What is the statute of limitations for a personal injury case in West Virginia

What is the statute of limitations for a personal injury case in West Virginia?

When you are involved in an accident in West Virginia, you are probably going to pursue a case against the liable party. If you bring a lawsuit against the person or persons responsible for causing your accident, you may be able to obtain compensation for your hospital bills, rehabilitation services, lost wages, and pain and suffering that are the direct result of your accident.

One of the most important things that you need to know about filing a personal injury case is that you must file within the statutes of limitations that West Virginia has in place for these types of injury-related lawsuits. A statute of limitations means that you must file your case against the responsible party within a certain amount of time. If you do not file your lawsuit within this time frame, you will not be able to bring a case against them and therefore, you will not be able to collect compensation because you missed the deadline. In West Virginia, the statutes of limitations is two years from the date that your accident occurred.

If you fail to bring your action before the statute of limitations expires, your case will most likely be thrown out of court and you will lose out on any damages that you may have been entitled to.

Why Do States Have Statutes of Limitations?

The main reason for states to establish a statute of limitations is so that legal actions related to an accident or incident can be dealt with within a reasonable amount of time. It is not good for either the plaintiff or the defendant to let things drag on for too long.

For the plaintiff, the case becomes more difficult to win after too much time elapses, because relevant evidence tends to disappear or at the very least becomes harder to obtain after a number of months or years have passed. For the defendant, it is unjust to have the prospect of a lawsuit hanging over their head for an indefinite period of time. The bottom line is that having a statute of limitations provides a basic level of fairness for both sides.

Statute of Limitations for Civil Cases in West Virginia

Statutes of limitations are set for each type of civil case in West Virginia as follows:

  • Personal Injury: Two years from the date that the injury occurred.
  • Wrongful Death: Two years from the death of the victim.
  • Medical Malpractice: Two years from the date that the malpractice was discovered or should have reasonably been discovered. Medical malpractice cases also have another deadline known as the “statute of repose”, which is usually 10 years from the date of the injury. This is the final deadline that any plaintiff has to file a medical malpractice lawsuit.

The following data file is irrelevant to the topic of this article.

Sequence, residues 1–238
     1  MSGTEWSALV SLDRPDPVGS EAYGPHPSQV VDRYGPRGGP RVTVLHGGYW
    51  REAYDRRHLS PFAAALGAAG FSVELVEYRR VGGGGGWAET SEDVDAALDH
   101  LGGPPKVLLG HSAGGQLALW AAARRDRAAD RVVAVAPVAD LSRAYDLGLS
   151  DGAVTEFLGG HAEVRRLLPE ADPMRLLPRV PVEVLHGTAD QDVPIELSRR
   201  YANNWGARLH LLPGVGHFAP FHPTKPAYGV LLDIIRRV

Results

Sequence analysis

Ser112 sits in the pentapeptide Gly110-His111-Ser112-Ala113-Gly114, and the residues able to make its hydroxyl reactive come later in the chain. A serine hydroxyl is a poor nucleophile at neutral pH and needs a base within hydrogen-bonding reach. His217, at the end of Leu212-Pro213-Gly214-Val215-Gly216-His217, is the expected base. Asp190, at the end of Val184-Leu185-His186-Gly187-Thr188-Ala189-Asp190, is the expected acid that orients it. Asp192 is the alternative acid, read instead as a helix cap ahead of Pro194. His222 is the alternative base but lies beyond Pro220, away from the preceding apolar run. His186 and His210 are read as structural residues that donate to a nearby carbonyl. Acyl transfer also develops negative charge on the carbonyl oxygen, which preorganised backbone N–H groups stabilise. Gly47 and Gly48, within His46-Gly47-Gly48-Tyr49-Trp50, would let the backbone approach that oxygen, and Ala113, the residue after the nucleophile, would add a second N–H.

• Property Damage Only: Two years from the date that the damage occurred.
  • Breach of Contract: Two years from the date that the breach occurred.
  • Libel or Slander: One year from the date of the most recent noted incident.
  • Workers’ Compensation: Three years from the date that the injury was diagnosed or from the last exposure to a hazardous substance.

There are some exceptions to the statutes of limitations listed above:

  • Injuries to Minors: With most personal injuries that involve minors, the statute of limitations is two years from the date that the minor turns 18 (in other words, when the person who suffered the injury turns 20 years old). For example, if a minor was injured at the age of 14, they would have six years during which they could file a lawsuit. The rules are different in medical malpractice and wrongful death cases.
  • Delayed Discovery: With the vast majority personal injury cases, there is a discovery rule extension, meaning that the deadline can be extended if the plaintiff did not discover their injuries or losses until after the date of the underlying accident. In cases like these, the clock will normally start on the date in which the plaintiff discovers their injury.
  • Tolled Deadline for Criminal Cases: If there is an ongoing criminal case involving the same defendant as the civil case, the courts will normally “toll” (i.e., pause) the statute of limitations until the criminal proceeding is completed.

Contact an Established West Virginia Personal Injury Firm

If you or someone close to you got injured because of another party’s negligence or reckless actions, it is important to take prompt legal action in order to ensure that the statute of limitations does not expire. If the injury occurred in West Virginia, contact Bailey, Javins, and Carter L.C. for assistance. To schedule a free consultation with one of our attorneys, message us online or call our office today at (800) 497-0234 or (800) 296-6979.

If you require experienced legal representation for a West Virginia personal injury matter, please contact Bailey Javins & Carter, L.C. to schedule a free consultation.